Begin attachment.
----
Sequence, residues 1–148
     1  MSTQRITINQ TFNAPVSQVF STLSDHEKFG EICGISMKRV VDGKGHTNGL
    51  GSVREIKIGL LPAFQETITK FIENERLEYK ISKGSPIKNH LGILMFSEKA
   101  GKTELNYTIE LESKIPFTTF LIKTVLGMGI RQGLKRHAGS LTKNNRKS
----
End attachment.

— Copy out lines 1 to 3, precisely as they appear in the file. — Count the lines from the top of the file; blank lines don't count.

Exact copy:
Sequence, residues 1–148
     1  MSTQRITINQ TFNAPVSQVF STLSDHEKFG EICGISMKRV VDGKGHTNGL
    51  GSVREIKIGL LPAFQETITK FIENERLEYK ISKGSPIKNH LGILMFSEKA